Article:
Today, of course, we are much too sophisticated to use terms like “savagery” or “barbarism.” These terms are now held in ill repute, as they are thought to suggest strongly negative evaluations. A friend of mine who studied anthropology told me that the word “primitive” is now referred to as “the P-word” within the discipline, so unacceptable has it become. To call a people (even an historical people now extinct) “savage” is similarly considered beyond the pale. We don’t call people “savage” or “primitive” any more. But the dangers of these terminological obsessions are that we get hung up on the terms and no longer consider theories on their theoretical merits. Jane Goodall’s theoretical work was eventually accepted despite her use of proper names in ethology, and now it is not at all uncommon for researchers to name their subjects that belong to other species.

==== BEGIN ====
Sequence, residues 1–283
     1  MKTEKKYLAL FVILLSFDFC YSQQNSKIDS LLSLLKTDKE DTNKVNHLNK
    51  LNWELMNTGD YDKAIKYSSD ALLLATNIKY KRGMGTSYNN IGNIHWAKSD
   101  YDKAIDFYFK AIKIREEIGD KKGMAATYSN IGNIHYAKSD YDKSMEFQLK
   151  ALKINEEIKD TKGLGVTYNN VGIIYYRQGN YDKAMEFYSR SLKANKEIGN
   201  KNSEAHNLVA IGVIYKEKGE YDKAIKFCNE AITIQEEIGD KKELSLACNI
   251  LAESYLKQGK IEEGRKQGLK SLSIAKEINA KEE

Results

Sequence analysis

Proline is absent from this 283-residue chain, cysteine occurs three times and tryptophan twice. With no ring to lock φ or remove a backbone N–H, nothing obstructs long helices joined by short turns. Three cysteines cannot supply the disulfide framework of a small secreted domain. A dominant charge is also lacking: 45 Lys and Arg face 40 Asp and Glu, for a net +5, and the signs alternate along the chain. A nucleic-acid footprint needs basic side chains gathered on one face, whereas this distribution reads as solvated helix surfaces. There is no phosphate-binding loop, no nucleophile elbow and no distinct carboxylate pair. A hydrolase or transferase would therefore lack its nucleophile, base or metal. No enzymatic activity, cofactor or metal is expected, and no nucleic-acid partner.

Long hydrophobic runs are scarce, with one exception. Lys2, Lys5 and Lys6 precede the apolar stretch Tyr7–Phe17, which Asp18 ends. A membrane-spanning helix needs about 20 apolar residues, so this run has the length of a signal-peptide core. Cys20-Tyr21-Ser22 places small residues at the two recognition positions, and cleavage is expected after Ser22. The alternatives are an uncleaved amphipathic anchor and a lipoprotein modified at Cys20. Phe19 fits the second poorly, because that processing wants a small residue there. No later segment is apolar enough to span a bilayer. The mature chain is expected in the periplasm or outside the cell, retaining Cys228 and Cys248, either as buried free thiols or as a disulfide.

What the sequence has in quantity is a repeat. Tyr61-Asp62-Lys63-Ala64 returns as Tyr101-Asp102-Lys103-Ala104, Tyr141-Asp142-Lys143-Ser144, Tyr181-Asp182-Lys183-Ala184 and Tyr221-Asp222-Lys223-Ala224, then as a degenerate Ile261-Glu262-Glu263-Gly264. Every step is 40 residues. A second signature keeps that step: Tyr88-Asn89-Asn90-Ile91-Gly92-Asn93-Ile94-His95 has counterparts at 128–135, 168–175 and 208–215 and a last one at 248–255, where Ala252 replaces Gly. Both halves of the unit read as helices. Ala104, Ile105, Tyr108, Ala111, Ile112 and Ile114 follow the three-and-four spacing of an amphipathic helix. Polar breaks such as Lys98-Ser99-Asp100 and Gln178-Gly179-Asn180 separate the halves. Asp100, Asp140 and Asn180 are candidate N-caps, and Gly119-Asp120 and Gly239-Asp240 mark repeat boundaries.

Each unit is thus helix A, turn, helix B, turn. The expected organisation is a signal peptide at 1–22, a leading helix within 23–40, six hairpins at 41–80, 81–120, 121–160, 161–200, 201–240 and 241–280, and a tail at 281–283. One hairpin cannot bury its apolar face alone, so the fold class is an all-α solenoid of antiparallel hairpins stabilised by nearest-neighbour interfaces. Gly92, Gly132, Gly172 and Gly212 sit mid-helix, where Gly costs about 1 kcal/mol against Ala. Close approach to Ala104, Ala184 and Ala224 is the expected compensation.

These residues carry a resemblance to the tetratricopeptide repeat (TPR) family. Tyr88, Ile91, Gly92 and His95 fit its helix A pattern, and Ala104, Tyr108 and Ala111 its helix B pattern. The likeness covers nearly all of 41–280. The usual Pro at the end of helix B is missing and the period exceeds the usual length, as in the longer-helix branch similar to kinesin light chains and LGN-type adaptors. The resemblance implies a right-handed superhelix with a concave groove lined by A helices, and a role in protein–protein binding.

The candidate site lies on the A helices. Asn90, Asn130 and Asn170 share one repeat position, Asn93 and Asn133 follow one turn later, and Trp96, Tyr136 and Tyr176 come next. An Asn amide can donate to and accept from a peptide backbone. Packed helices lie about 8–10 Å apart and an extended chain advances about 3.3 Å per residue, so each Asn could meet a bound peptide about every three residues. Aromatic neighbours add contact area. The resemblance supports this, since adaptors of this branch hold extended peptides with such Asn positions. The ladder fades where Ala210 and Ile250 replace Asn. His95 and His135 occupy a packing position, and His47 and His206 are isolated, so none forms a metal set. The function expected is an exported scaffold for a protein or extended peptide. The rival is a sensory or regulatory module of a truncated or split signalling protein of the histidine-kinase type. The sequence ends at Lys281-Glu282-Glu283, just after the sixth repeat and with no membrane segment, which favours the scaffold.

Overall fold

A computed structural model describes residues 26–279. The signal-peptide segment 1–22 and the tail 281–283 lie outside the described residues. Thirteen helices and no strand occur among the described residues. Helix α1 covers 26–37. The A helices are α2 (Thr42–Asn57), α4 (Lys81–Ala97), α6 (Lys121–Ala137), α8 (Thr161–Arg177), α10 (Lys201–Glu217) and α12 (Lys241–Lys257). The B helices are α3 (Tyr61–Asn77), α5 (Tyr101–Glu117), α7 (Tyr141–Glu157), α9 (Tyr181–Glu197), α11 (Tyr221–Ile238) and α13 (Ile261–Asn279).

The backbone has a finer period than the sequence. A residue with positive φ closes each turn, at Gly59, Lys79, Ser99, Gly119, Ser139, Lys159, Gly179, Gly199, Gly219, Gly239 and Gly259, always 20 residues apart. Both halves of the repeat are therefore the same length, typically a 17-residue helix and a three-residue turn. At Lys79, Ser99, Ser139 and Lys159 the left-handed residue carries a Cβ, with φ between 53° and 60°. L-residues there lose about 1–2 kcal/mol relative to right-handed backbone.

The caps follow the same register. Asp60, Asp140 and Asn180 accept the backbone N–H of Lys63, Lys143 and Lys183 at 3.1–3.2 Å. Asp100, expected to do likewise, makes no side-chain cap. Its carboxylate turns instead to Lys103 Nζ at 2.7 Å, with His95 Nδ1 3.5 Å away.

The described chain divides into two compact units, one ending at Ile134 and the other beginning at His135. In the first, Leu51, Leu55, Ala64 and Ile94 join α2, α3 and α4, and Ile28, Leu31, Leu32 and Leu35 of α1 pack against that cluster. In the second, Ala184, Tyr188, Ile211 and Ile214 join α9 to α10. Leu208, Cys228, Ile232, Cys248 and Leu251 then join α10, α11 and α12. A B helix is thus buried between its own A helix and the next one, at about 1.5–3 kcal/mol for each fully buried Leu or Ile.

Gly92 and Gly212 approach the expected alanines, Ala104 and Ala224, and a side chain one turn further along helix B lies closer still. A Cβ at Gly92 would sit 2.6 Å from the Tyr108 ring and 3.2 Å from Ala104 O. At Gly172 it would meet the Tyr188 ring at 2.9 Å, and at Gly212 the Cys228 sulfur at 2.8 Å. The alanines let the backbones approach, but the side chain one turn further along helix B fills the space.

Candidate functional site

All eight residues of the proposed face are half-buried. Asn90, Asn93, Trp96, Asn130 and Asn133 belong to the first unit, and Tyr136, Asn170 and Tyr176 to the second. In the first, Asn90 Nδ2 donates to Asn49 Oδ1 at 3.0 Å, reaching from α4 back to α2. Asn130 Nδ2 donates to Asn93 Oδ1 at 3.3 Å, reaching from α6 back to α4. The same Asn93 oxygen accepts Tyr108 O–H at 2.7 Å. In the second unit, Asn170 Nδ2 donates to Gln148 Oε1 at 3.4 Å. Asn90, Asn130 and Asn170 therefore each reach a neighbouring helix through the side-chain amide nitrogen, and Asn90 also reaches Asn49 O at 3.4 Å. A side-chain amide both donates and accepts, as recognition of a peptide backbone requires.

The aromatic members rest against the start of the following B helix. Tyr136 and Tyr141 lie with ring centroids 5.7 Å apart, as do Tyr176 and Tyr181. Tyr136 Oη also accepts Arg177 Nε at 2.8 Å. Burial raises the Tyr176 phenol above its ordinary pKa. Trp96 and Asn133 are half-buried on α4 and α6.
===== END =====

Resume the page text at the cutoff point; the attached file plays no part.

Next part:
Some theoreticians, moreover, have come to recognize that there are certain things that can be learned through sympathizing with one’s subject that simply cannot be learned in any other way (score one posthumously for Bergson’s conception of “intellectual sympathy”). Of course, science need not limit itself to a single paradigm of valid research. We can have a “big tent” of science with ample room for many methodologies, and hopefully also with plenty of room for disagreements.